Companies see modernization as a means to compete in an increasingly crowded business landscape. As a result, technologies that facilitate digital transformation are in high demand. Take databases, for example. More and more enterprises are looking to transition from legacy to cloud-based technologies in order to provide their customers with a seamless experience at global scale. Gartner predicts that 75% of all databases will migrate to the cloud by the end of 2022, with data and analytics capabilities driving this trend forward.
However, organizations are finding that the skills needed to implement and manage cloud services differ substantially from those needed for on-premises applications. This has created a major hurdle for organizations looking to deploy cloud-based technologies. While cloud deployments are a top priority for IT executives, a lack of technical skills remains the greatest barrier to adopting emerging, cloud-based technologies (e.g. databases, serverless, and machine learning). Against this backdrop, it makes sense that Google is training more than 40 million people to build cloud skills in order to help businesses implement cloud-based strategies.
The cloud skills shortage and its implications for businesses
The lack of cloud skills many companies are grappling with severely hinders cloud progress and prevents enterprises from quickly adopting new technologies. As a result, many organizations have to pull back, slow down, or completely pause digital transformation projects.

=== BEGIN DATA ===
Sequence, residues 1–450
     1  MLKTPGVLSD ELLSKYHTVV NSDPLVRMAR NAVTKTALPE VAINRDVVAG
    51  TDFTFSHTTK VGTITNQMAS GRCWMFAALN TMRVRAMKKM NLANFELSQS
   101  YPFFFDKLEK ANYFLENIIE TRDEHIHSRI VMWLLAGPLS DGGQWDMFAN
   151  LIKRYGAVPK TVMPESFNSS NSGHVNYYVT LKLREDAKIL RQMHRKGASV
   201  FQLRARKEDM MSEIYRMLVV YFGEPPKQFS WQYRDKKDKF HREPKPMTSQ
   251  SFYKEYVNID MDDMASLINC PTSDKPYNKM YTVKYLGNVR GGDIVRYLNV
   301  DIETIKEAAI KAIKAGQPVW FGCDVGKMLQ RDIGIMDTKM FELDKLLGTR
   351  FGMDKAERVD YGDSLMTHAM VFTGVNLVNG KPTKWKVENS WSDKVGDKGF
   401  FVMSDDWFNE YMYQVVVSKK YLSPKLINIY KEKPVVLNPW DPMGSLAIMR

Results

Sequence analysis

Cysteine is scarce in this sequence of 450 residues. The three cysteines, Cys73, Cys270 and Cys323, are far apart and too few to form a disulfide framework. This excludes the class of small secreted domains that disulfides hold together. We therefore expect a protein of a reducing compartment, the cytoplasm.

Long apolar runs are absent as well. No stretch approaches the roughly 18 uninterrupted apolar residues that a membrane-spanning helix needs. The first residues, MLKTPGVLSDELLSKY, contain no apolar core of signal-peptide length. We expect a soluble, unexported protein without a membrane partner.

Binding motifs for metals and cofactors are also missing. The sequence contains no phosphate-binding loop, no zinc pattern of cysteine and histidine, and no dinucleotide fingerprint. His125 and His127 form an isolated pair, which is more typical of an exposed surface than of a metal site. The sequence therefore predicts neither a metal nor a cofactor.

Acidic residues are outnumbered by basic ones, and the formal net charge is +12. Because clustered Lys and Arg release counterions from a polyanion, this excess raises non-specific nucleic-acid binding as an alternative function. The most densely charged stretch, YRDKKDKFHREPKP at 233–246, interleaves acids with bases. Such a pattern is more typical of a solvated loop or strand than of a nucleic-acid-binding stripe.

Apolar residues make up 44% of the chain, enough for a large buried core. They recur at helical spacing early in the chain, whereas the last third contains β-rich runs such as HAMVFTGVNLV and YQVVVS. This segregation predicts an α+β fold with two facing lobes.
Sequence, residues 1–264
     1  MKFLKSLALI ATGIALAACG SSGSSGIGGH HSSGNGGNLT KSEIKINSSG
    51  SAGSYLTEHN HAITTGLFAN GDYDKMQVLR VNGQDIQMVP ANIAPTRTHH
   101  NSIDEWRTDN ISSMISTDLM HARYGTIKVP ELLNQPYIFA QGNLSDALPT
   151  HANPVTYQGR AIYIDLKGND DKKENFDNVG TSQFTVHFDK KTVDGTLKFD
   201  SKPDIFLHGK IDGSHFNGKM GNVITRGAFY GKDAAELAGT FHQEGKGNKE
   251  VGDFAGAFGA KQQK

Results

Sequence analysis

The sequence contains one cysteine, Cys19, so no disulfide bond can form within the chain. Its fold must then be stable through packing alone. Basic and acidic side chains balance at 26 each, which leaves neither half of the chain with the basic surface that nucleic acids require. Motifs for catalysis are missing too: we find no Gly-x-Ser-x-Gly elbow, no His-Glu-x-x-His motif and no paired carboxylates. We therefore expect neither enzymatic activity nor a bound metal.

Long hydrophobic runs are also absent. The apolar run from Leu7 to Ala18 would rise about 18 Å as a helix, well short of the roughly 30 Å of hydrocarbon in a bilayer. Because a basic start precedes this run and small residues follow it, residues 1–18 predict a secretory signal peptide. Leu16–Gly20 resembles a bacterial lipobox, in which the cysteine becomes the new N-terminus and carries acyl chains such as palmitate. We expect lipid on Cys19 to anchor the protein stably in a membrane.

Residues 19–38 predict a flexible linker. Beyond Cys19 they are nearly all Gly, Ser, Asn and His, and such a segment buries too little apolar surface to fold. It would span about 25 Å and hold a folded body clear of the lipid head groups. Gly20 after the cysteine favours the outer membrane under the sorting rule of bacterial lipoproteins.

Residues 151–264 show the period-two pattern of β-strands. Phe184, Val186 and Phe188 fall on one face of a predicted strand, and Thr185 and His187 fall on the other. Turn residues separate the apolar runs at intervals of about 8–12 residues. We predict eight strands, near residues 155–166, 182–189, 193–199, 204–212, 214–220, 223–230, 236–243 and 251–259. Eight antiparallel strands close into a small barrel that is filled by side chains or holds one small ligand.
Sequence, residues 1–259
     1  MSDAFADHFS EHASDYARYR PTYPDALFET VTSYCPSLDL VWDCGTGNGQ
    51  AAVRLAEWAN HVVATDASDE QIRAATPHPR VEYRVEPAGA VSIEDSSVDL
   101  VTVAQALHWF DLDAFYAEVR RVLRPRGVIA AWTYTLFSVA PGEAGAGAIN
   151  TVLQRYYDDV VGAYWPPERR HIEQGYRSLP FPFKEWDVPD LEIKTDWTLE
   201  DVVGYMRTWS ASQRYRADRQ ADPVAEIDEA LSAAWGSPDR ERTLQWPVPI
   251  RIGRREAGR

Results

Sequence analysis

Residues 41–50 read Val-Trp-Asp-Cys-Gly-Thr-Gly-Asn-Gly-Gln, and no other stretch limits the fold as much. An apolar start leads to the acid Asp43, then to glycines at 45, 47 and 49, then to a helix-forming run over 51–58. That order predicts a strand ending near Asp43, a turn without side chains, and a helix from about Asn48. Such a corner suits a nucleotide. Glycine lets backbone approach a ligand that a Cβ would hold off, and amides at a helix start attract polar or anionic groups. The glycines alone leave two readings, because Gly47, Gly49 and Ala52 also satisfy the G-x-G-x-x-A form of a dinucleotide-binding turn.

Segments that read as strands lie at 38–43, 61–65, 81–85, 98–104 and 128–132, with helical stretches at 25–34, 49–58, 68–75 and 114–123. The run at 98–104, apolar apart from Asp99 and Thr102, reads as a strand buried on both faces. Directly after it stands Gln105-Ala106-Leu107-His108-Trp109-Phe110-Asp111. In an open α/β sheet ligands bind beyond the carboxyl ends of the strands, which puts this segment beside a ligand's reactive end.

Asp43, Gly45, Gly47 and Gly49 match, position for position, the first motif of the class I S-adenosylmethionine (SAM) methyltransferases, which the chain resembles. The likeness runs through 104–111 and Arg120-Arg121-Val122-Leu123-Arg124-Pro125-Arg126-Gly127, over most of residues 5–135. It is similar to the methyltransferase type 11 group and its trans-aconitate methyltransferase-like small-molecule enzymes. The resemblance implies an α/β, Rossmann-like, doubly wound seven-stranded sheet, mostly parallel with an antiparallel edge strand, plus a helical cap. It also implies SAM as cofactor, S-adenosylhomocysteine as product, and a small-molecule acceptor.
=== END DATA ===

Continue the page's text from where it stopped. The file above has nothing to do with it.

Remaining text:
In this era of hyperconnectivity, the proliferation of data will only increase. Gartner found that the number of Internet of Things (IoT) devices is doubling every five years, with more than 15 billion IoT devices expected to connect to the enterprise infrastructure by 2029. In order for businesses to leverage tools like predictive analytics, cloud-based technologies are key. The cloud provides scalability and allows devops and IT to quickly collaborate with internal and external teams to develop innovative solutions. But with cloud architectures becoming increasingly complex, and the skills shortage stifling modernization progress, organizations face challenges migrating to the cloud and leveraging new and dynamic data to better compete on a global scale.
What does the skills shortage mean for IT and devops teams?
Bogged down with troubleshooting, systems and infrastructure problems, IT and DevOps teams must also adjust to the cloud-based needs of modern enterprises – which isn’t something many of these professionals are well-versed in. IT infrastructures are becoming more complex and continue to evolve as emerging cloud-based technologies are introduced. Subsequently, the scope of IT and devops responsibilities have expanded to securing IT infrastructures, leveraging AI and serverless, refactoring applications, managing multicloud technologies, and understanding how to operate complex and varied cloud technology stacks. Given the shortage of cloud skills, organizations will have to look for technologies that simplify cloud adoption, while allowing devops and IT teams to leverage existing platforms, frameworks, and languages in order to ensure modernization efforts move forward.